This Saturday, I’m answering the question, “What happens if a Cadaerian mage attempts to get powers beyond his/her alignment?”
Actually, I should rephrase that. I’m going to answer the question, “What do Cadaerians think happens if they attempt to get powers beyond their alignment?” (The answer to the actual question depends on what type of powers the mage attempts to get, and how he or she attempts to do it – usually, though, it results in large-scale destruction or in nothing happening at all. Laeshana, of course, is different.)
Following is an ancient fable from the land of Cadaeren, as recorded in the book The Heartland Chronicles – a kind of Brothers Grimm collection of magical and moralistic tales taken down early in the Age of Balance by an author supposedly named “Goldenthought.” (Clearly, this is a pseudonym designed to bring an added quality to the book. It remains to be seen whether the author’s attempts succeeded.) Without further ado, then, I am pleased (or appalled, one or the other) to bring to you “The Tale of Kaltin the Fool.”
The Tale of Kaltin the Fool
In the days of the first kings, when no one knew of the Balance, the world was wondrous and wild. Magic of the earth sprouted from every seedling. Magic of the air laughed and swooped in every breeze. Every fire crackled with the pop of untapped power, and every pool and brook bubbled and burbled with the rush of unseen forces. Such was the world, and the magic therein.
In those days, even the people of our kingdom were wild. Many were tuned to magic, but they knew neither official spells nor how to tame the powers, as the great schools had not yet been established. There were no water mages, no fire mages, no air mages, no earth mages. Only strong men and women who tapped into the power of an element and gloried in its strength and beauty. They lived in this way for many years, neither knowing nor wanting to know more than the world itself told them about magic. Then Kaltin the Fool was born.
At first, he was merely known as Kaltin son of Kelshin, a boy aligned with fire. He was fair of face and strong of spirit, but his mind was ever filled with whys and wherefores that ought not to be asked. His parents did not know what to do with him, for they were not themselves magical, and could not restrain their son’s seeming need to question the magic of the world. As years passed, Kaltin grew in curiosity and power, but with no training and no regard for his parents’ warnings.
One day, Kaltin came to his parents with a new question. “Why can a person only use one magic?” he asked as he spun a wreath of flame over his head. “Why not two, or three, or even all four?” They could not answer his question except to tell him that it was unnatural and not done. “But why?” Kaltin asked again. “Could it be done if one tried hard enough?”
“No,” they answered, but Kaltin was not satisfied.
After many days of planning and plotting, Kaltin snuck from his house in the middle of the night, his questions raging and burning in his mind. He journeyed until he reached the top of a great waterfall that thundered and pounded the rocks below, sending spray up into the air a thousand feet. Kaltin reached out beyond his mind and felt the power of the water, but the fire in his nature kept it beyond his grasp. Twice he tried to gather the water into himself, and twice his internal fire hissed and burned it away. Do not try, his power seemed to say. Do not try. But Kaltin would not listen even to the warnings of the fire. “I will be one with the water,” he spoke aloud, “and people will remember me forever. I will be the greatest man who ever lived!”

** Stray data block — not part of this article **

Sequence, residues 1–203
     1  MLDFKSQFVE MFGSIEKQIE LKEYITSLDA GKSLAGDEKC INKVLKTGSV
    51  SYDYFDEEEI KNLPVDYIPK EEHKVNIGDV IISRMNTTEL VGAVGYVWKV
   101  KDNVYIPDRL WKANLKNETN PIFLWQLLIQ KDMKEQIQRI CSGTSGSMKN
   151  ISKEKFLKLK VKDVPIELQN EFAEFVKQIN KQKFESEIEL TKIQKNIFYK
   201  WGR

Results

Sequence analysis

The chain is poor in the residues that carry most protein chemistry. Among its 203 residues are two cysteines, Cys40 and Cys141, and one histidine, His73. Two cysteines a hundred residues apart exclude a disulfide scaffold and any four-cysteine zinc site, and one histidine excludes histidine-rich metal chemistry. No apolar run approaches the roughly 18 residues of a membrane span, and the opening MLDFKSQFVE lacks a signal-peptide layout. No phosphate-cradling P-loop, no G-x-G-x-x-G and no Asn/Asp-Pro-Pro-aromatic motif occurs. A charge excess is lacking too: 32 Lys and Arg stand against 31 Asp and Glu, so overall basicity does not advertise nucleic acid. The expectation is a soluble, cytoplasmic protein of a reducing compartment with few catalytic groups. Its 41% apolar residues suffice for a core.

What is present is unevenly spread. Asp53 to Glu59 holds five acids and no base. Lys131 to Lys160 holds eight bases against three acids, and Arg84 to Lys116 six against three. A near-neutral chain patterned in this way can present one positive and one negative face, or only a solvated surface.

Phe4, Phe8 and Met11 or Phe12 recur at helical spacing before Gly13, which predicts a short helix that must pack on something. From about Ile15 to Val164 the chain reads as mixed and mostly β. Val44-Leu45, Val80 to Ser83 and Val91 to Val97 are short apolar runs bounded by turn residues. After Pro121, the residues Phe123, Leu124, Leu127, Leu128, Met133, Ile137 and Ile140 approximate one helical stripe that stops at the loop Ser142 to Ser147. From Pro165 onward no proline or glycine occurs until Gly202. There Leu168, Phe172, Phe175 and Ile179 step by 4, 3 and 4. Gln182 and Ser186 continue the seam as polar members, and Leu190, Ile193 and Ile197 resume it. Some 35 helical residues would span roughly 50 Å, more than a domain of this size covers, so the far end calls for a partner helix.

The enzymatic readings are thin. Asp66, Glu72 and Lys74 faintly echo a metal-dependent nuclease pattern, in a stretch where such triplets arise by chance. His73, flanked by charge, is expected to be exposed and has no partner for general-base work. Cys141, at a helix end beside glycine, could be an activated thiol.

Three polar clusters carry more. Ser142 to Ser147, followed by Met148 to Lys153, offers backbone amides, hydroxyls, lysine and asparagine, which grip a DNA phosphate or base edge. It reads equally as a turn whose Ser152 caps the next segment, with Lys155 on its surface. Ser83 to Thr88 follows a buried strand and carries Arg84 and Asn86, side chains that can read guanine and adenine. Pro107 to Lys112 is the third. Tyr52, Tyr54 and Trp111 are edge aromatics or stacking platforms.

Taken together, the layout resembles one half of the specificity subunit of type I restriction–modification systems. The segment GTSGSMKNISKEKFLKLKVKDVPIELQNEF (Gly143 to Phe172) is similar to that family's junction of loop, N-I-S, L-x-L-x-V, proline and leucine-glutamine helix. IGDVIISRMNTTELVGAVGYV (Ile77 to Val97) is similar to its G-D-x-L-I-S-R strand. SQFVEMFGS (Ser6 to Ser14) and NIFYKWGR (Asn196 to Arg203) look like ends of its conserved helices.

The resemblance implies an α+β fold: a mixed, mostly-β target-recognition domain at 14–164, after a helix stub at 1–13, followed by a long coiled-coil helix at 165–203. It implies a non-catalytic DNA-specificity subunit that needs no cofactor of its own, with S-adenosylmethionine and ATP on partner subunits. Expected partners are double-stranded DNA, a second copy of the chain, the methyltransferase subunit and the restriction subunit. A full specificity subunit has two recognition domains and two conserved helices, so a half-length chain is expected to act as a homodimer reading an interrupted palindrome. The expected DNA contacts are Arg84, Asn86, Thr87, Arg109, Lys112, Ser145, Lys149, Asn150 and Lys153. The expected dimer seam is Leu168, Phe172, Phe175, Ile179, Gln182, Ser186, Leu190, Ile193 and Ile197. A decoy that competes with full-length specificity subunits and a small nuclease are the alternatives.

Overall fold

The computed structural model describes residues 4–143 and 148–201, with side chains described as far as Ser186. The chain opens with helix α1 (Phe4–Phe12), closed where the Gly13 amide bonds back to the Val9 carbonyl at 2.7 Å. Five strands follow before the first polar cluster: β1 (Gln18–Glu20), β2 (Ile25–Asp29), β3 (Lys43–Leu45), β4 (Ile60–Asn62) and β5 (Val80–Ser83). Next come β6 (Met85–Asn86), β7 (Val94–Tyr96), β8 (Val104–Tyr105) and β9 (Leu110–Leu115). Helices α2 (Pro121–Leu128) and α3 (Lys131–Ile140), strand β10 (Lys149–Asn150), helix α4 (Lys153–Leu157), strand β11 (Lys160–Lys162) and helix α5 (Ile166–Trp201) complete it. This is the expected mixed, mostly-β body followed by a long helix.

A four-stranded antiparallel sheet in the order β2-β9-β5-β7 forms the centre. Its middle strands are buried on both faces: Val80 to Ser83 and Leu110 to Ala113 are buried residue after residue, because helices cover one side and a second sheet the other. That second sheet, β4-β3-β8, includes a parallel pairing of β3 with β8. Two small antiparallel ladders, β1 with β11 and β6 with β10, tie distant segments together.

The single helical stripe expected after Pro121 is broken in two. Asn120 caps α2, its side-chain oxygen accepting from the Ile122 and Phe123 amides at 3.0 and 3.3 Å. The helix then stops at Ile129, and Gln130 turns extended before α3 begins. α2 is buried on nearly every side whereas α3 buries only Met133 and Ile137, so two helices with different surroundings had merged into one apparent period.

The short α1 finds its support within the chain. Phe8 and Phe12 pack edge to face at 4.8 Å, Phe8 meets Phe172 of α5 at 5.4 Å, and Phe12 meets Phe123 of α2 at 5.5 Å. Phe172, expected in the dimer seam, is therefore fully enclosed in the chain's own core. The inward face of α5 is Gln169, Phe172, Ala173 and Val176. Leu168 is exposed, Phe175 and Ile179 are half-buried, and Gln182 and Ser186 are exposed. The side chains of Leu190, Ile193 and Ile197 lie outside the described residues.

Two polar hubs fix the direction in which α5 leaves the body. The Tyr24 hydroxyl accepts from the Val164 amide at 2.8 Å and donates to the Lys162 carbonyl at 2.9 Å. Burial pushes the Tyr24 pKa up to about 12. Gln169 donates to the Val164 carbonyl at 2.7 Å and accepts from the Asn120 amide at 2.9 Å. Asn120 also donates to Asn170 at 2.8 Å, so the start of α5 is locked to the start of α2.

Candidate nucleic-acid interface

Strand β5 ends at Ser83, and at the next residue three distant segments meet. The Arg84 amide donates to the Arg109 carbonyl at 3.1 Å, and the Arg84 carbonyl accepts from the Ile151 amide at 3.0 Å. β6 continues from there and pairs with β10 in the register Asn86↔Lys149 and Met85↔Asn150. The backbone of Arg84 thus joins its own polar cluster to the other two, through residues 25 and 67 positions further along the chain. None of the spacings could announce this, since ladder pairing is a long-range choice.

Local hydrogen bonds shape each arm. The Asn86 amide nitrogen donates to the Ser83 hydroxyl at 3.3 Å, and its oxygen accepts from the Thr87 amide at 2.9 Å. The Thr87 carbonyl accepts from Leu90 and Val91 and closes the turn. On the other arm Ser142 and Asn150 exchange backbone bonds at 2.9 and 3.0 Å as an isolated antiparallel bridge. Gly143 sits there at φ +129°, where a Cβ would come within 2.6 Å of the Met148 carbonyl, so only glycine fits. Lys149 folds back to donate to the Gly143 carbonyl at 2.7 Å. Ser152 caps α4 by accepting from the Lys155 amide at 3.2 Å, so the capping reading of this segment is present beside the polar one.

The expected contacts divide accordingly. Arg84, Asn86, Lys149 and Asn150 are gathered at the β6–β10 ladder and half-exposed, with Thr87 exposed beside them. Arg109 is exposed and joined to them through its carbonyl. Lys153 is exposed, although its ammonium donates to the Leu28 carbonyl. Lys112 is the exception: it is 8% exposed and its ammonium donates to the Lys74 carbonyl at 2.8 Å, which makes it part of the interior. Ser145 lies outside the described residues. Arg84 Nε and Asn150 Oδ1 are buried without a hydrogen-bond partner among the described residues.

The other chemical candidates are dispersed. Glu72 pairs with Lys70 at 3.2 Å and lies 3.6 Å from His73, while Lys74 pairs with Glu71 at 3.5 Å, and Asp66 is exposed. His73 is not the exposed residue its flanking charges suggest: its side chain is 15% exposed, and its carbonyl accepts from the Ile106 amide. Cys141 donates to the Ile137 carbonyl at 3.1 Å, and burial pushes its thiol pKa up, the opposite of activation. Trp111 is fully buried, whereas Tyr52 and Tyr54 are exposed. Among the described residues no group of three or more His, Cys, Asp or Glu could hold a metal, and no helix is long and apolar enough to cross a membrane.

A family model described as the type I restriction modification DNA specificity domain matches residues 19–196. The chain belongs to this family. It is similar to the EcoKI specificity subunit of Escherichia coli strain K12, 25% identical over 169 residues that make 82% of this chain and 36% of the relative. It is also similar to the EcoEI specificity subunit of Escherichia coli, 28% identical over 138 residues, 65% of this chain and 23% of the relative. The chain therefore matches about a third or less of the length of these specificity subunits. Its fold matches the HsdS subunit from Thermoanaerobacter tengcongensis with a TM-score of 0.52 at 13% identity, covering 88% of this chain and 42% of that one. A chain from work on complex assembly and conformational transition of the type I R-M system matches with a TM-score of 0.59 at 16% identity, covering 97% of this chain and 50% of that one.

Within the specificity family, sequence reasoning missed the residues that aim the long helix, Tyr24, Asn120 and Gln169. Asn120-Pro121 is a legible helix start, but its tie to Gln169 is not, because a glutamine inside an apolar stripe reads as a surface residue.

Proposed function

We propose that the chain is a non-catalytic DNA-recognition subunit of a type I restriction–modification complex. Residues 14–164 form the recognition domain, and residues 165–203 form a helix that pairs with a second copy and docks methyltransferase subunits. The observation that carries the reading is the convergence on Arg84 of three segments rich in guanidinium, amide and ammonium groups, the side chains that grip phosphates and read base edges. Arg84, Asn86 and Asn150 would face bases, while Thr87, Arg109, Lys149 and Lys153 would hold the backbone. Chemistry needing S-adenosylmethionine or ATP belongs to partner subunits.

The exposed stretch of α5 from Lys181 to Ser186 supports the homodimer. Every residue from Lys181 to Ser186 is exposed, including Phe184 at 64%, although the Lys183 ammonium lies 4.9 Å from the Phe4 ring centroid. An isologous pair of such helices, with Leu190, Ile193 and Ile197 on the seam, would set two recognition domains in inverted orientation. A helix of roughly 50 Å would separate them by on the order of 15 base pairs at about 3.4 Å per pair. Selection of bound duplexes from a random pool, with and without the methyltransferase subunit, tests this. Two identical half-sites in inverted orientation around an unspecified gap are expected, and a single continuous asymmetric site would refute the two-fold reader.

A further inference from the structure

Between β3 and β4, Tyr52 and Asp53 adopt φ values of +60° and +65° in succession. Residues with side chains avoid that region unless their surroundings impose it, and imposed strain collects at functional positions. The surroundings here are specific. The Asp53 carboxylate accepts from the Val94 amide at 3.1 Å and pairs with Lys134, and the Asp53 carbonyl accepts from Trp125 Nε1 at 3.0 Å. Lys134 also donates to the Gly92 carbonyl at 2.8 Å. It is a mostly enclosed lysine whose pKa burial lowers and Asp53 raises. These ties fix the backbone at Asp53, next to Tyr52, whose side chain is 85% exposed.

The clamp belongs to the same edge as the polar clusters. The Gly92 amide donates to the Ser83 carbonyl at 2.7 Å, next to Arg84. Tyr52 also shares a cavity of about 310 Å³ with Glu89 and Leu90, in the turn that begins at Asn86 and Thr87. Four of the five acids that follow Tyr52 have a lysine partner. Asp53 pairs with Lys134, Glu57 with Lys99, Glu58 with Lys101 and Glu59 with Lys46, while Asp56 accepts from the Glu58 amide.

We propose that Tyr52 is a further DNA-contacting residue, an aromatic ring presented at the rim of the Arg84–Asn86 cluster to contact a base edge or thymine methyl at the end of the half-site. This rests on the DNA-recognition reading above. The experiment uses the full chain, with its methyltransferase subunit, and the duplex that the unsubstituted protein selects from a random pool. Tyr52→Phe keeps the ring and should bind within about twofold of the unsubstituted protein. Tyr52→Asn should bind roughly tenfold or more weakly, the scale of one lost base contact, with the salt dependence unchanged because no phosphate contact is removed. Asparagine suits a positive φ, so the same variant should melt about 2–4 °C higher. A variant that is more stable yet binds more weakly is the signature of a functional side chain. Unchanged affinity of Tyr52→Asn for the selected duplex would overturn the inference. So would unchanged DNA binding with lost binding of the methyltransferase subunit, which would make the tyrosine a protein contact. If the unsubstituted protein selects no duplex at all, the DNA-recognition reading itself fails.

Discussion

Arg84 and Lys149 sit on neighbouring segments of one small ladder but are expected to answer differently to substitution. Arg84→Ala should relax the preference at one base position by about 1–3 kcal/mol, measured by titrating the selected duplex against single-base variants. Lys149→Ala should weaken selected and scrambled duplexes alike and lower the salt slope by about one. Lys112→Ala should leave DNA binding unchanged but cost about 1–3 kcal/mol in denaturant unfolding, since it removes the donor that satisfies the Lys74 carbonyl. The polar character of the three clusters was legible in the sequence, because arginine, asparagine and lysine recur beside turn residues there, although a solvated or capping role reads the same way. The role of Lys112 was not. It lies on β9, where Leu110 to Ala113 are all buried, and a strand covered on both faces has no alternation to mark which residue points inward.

Saying this, he stepped into the river and gathered his will. Further and further he reached into himself, gathering every spark, every glowing ember of flame, and pushed it all into a small corner of his heart. “Now come to me, water,” he said, and for the third time, he gathered his will and reached out to the falls before him.
Though the water rebelled with a mighty hiss of steam that rose around Kaltin, this time it did not all burn away. He reached out further, spreading his hands wide, and for the first time, a boy aligned with fire became one with the water. For a moment, Kaltin gloried in the strength and beauty of the water, in its thunder and flow and liquidity. But even as he shouted in triumph, the fire in his heart rebelled. At the hated presence of its opposite, the fire broke free from the bonds that Kaltin had placed upon it. It flared out in brilliant white heat, and the water now present in Kaltin responded in kind. For the first time, two elemental powers were forced into contact, and Kaltin the Fool was the conduit between them. Raging fire engaged thundering water, and each began to draw from its storehouse of wild power in the world to gain the upper hand. Around them, the earth began to shake and the wind began to howl as all the power of the fire and the water turned its focus and energy upon this one location.
Kaltin the Fool now knew the answer to his question, but it was too late to stop what he had unleashed inside himself. In utter helplessness, he cried out in anguish as he was burned and drowned from the inside out. “No more!” he screamed, and flung himself over the waterfall. The river boiled and hissed for several minutes, but finally was silent once again.
Several days later, the body of Kaltin the Fool was discovered many miles downstream. It was no longer fair of face, but waterlogged, and burnt black as coal.